Words by Mr Tom M Ford, Features Writer, MR PORTER
Worn as flight jackets in the early 1900s, thrust on to the silver screen by Mr Marlon Brando in The Wild One, and anointed as the uniform of hedonism by 1970s punk bands, the leather jacket has an illustrious history that spans more than a century. No wonder it’s one of the toughest items of clothing you can own; leather jackets have been through all sorts.
With brands now offering more styles than ever, there’s never been a better time to invest in one. But with choice, often, comes confusion. And how to don one in winter? From a Marc by Marc Jacobs biker to a Thom Browne bomber, here is our comprehensive cheat sheet on how to carry off this rugged essential, whatever your style. (Tip: a few bumps and scrapes help.)
There are some men who can wear biker jackets exactly how the leather gods intended – thrown carelessly over a white T-shirt, teamed with black shades and a cloud of cigarette smoke. Mr Alessandro Squarzi, above – fashion entrepreneur, Instagram icon, esteemed member of our Style Council and Mr Charles Bukowski lookalike – is one such man. If you boast just half the masculinity of the firebrand poet and novelist, why not go hell for leather, too? Invest in brands such as Givenchy or Saint Laurent, and you’ll benefit from details such as asymmetrical fastenings and a diagonal zip, originally used by bikers to block out the wind. Sure, you bought yours from MR PORTER, but just tell people you found it abandoned in the dressing room of some careless punk band.
If your style preference is a little more on the preppy side, investing in a varsity-inspired bomber with leather sleeves will add a bit of edge to your look. OK, it’s cheating a little, but not everyone wants to look like they’ve just parked up their motorcycle (some of us also have hair ill-suited to helmets). Wool is your friend in winter – a fact that Mr Thom Browne knows all too well, as he proves here with this slick design. Add some slim blue jeans and fingerless gloves, like this sensible gentleman on the streets of a chilly New York, and you’ll be positively toasty. Keep your cool, however, with a pair of black wayfarers, the perfect foil to any pesky low winter sun. And if you’re headed to the office, a smart leather portfolio under your arm will look the business.
Black isn’t necessarily best in leather jacket land. As long as you get the cut and colour of your jacket right, feel free to experiment with different masculine hues such as tan or grey. If you choose a shade brighter, just make sure you’ve got the guts to carry it off. Look at Mr Tyler Durden in Fight Club. He rocks a red leather, and looks damn cool while doing it. This one, shot by the inimitable Mr Tommy Ton, is a fine example of breaking the mould. The fit is slim and the details are unfussy, making it more understated than a bulky biker. And the deep claret shade is rich and subtle, unlike Mr Durden’s bright red pleather number. Being an existential nihilist, however, we doubt he cared much for the provenance of his clothing.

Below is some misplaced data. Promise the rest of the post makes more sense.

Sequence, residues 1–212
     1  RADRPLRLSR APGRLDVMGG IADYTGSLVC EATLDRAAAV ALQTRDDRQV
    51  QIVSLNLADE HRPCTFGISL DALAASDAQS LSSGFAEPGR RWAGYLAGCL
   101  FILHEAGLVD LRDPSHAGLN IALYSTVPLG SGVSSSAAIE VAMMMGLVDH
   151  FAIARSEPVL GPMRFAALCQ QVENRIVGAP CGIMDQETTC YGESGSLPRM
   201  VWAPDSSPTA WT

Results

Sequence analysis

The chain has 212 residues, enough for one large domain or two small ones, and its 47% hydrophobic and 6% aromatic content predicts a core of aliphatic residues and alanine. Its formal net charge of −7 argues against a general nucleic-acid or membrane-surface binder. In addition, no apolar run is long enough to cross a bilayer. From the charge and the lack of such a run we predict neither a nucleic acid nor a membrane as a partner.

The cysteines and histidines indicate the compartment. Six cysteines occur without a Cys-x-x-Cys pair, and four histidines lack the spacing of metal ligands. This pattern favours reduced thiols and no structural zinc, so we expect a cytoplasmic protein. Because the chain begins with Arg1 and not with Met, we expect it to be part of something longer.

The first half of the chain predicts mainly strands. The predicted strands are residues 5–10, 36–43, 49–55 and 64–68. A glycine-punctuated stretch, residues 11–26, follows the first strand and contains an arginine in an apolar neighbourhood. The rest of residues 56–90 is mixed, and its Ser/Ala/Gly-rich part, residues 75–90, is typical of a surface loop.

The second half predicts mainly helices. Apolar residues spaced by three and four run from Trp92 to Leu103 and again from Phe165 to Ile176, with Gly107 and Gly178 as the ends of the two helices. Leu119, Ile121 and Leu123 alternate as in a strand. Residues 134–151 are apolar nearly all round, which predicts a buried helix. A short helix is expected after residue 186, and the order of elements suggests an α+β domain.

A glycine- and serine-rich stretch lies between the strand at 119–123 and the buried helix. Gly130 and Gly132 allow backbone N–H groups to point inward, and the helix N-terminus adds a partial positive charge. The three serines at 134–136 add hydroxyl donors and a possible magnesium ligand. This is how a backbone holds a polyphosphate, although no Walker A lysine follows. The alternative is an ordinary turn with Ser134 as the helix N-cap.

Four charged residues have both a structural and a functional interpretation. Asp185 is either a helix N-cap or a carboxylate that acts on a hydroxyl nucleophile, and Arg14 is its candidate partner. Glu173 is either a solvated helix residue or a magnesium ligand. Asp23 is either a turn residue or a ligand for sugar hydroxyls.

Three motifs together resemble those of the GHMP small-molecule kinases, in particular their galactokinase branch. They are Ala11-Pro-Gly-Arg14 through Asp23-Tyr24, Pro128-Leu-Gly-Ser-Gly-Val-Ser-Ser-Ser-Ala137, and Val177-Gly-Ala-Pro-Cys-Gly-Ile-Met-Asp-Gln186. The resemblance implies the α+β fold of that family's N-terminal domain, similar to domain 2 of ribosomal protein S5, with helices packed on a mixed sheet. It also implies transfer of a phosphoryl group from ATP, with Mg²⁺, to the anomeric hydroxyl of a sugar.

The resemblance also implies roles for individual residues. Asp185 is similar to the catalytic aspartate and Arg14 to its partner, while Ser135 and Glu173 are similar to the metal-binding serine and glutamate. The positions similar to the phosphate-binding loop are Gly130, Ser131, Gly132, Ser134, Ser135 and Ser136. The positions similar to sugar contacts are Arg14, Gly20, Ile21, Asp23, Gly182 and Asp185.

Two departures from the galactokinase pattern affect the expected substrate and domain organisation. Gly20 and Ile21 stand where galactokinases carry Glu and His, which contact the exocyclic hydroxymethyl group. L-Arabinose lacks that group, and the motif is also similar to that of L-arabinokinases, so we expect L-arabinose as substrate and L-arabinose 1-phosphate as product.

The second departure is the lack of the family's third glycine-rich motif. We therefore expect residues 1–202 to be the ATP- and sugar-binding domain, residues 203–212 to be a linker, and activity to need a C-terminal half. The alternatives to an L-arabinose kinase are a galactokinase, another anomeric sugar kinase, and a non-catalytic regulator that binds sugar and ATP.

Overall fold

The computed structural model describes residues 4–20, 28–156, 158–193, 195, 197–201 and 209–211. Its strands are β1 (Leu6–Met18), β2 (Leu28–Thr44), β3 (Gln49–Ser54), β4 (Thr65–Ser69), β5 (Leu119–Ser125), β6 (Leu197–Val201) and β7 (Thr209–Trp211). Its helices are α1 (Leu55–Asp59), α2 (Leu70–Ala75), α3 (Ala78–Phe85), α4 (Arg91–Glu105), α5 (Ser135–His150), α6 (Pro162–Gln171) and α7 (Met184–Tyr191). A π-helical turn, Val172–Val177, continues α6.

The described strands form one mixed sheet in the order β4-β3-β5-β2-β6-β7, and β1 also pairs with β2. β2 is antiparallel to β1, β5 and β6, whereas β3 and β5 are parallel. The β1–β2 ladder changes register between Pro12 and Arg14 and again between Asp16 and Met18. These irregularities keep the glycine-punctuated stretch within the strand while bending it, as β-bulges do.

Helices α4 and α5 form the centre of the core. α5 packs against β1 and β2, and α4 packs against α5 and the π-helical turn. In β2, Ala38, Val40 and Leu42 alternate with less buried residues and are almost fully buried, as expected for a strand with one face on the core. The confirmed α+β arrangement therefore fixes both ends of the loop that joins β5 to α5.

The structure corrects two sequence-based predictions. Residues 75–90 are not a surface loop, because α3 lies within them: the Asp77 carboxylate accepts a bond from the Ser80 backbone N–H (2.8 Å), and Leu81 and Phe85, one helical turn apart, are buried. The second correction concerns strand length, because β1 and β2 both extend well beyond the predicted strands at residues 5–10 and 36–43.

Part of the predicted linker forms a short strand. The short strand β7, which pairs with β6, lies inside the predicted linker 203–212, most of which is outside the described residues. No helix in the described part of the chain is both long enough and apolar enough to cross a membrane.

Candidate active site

If there were ever an icon in the leather jacket world, the accolade goes to theSchott 50s Perfecto Leather Biker Jacket. Mr Irving Schott named the original Perfecto after his favourite brand of cigar, Mr Marlon Brando made it famous in The Wild One and Mr Sid Vicious requested he be buried in one. If the biker jacket were a person, it would be far too cool to sit with you. But nowadays, you don’t have to be a Wild One or a punk to pull one off. In certain situations, we sometimes find their shape a little severe, a little boxy. Wearing a hoody can relax things somewhat and soften your silhouette. Plus, the extra layer can act as a substitute for a winter coat. If you’re not so brave, may we suggest you look at these?
Unless you’re a spritely young musician, going all out by pairing a black biker with slim black jeans can sometimes fall flat. Dressing in just one colour can be unflattering, after all. Retired Japanese footballer Mr Hidetoshi Nakata, above, shows us how to wear a biker with dignity and style – by breaking things up with a pair of blue jeans and a few layers; note the white T-shirt peeking out from beneath his shirt. Adding a thick woolscarf only ramps up the sophistication.
Perhaps heritage isn’t your thing. Perhaps you’d rather go to a fashion party than a street fight. You might, therefore, want to invest in something like this by Coach, the New York brand that began as a luxury leather goods company in 1941, but has since had a stylish rebrand under the guidance of creative director Mr Stuart Vevers. Its winter bomber, worn here by Mr Choi Min-Ho, the heartthrob lead singer of South Korean band SHINee, has all the ingredients of a traditional bomber (shearling and leather) but, as you can see, those ingredients have been presented in a rather different way. Contemporary, fashion-forward and really rather plush, it’s wise to pair with more understated items such as slim black jeans and some subtle sneakers.
If you’re wedded to the idea of a leather jacket, winter can be a bit of a conundrum. You want to wear a slim skin, but you don’t want to freeze. So, why not slip on a down gilet? While we wouldn’t advise this under a biker (they are meant to have a snugger fit, and things will get a bit busy with the lapels, studs and zips), try adding one under a simple, roomy bomber. There are the obvious warming benefits, of course. Add a beanie hat and some casual sneakers, and you’ve built a whole new look with which to wear your favourite leather.